Market Transformation for Sustainable Rural Housing in Uzbekistan

Market Transformation for Sustainable Rural Housing in Uzbekistan
Market Transformation for Sustainable Rural Housing in Uzbekistan
Country: Uzbekistan
Sector: Housing Finance
Prerequisites: none
Classification Financial Instrument
Potential Impact: High
Resource Impact: Moderate
Timing Implications: Short-term
Application to Armenia The key innovative feature of the Project, which is exactly about the essence of the climate finance, is subsidizing incremental costs for energy efficient houses to ensure that monthly payments are of the same level with those for standard mortgages. This approach can be used in Armenia as well, benefiting also from another best practice that has already been tested in Armenia.

Young families that are taking mortgages from banks to procure apartments from developers are entitled to receive cash backs (from interest rate) equivalent to the volume of income taxes paid. This innovative incentive significantly boosted the interest towards mortgage loans in Armenia, thus promoting also steady growth of the construction sector.  

Similar mechanisms could be used for promotion of energy efficient housing in Armenia contributing, inter alia, to green economic recovery following recession after COVID-19 pandemic in 44-days war in 2020. Along with boosting construction sector this will also has its impact on the ESCOs providing renewable energy and energy efficiency solutions.

Introduction of the energy efficiency standards (as in case with UNDP project in Uzbekistan) along with simplified approval process is another best practice to consider.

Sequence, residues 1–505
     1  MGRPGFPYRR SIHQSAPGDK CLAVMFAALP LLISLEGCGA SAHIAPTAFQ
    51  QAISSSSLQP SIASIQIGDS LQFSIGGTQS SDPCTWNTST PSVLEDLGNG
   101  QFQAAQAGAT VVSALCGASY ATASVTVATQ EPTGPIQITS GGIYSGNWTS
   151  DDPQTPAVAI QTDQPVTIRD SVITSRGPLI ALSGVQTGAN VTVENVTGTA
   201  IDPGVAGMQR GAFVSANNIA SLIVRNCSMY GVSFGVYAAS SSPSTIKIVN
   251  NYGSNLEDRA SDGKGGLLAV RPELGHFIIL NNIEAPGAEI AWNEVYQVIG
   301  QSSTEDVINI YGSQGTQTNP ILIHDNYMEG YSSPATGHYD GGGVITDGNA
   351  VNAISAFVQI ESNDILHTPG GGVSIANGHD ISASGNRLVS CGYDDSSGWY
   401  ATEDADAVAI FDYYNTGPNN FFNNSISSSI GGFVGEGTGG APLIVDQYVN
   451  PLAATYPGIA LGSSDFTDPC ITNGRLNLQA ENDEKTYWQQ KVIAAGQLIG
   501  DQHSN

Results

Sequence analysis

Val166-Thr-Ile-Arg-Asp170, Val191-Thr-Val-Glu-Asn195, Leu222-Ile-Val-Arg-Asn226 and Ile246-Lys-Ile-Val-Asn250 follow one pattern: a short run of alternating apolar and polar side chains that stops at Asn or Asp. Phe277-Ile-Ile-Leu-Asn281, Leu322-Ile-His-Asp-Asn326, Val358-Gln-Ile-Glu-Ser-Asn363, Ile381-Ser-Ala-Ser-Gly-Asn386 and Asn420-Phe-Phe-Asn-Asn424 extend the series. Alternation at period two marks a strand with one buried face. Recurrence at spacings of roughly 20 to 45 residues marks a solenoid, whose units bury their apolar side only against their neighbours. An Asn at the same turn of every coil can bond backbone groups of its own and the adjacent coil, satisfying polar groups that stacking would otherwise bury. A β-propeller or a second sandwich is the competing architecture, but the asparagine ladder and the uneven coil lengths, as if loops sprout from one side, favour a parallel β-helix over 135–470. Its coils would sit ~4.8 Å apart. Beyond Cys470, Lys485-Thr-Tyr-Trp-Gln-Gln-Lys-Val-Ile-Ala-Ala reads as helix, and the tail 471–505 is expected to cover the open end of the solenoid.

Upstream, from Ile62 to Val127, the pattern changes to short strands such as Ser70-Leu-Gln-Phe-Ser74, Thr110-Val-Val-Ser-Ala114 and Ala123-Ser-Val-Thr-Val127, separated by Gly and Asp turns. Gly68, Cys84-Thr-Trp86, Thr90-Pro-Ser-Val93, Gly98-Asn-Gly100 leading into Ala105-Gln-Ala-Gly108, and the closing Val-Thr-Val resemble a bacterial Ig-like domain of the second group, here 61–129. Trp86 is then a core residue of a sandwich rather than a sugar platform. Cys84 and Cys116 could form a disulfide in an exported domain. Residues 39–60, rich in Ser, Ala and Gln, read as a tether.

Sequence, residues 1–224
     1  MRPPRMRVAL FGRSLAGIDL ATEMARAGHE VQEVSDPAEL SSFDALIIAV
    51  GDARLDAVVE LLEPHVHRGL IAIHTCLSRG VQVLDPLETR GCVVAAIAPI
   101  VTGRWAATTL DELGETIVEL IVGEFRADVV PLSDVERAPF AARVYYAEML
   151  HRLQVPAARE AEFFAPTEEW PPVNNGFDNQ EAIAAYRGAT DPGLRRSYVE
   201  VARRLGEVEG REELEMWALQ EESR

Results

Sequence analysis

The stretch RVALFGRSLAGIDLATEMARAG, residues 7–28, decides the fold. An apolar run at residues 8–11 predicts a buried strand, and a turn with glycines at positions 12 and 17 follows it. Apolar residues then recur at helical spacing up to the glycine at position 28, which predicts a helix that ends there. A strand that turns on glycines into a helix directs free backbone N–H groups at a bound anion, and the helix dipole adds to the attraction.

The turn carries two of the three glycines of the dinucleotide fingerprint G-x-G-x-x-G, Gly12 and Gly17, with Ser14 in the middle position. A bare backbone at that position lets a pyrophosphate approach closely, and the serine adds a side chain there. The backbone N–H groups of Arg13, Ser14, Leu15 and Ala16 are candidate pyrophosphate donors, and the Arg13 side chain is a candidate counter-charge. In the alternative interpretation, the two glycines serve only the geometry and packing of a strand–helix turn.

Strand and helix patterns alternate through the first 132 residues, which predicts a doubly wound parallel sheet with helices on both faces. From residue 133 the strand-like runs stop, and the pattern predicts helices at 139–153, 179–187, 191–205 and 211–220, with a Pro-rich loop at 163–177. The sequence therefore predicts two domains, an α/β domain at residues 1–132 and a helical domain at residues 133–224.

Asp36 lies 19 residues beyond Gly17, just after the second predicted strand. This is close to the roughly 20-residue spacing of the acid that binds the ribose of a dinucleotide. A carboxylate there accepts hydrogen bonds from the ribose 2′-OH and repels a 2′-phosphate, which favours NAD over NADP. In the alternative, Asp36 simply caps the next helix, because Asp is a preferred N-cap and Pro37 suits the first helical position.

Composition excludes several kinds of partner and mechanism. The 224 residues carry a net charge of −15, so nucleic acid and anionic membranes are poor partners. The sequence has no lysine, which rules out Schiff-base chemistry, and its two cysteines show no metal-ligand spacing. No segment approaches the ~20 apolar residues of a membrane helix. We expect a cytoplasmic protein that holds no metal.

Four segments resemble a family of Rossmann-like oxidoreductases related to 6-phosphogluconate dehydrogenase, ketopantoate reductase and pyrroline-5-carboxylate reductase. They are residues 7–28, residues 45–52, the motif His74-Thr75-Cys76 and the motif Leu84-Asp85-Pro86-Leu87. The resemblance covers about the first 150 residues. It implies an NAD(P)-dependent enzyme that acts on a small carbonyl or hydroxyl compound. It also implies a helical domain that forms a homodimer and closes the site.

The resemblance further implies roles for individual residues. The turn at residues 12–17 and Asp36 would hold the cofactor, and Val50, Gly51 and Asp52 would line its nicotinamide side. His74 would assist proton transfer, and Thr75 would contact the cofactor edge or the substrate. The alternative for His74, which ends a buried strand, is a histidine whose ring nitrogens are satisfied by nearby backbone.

In 2019, UNDP Uzbekistan in partnership with GEF has launched Project with the purpose to provide Uzbekistan’s rural population with improved, affordable and environmentally friendly living conditions (around 1,600 beneficiary households targeted). The project seeks to transform the rapidly growing rural housing sector in Uzbekistan towards a more sustainable and low-carbon development pathway by designing, piloting and scaling-up a green mortgage market mechanism, which will boost the demand for low-carbon housing among the Uzbek rural population.

The following four inter-linked components of the project are structured in the manner to achieve the overall goal:

Component 1: Green mortgage market mechanism to scale-up demand for low-carbon housing

  • Development and enactment of Green mortgage scheme that will provide incentives to homebuyers to invest in houses that feature EE, low-carbon design and technologies;
  • Capacity building of financial institutions to design and operate dedicated financial products for low-carbon housing.

Under this component, the project is working in partnership with national financial institutions, to provide access to affordable financing for rural houses that produce fewer greenhouse gas emissions than current new rural housing stock. At present, commercial mortgages outside of the RHP have annual interest rates of 16-18%. Rural mortgages under the RHP, while more favorable than standard commercial loans, do not encourage the purchase of homes with energy-saving or renewable features that reduce greenhouse gas emissions, and consumer awareness about potential savings is too low to generate demand for these homes.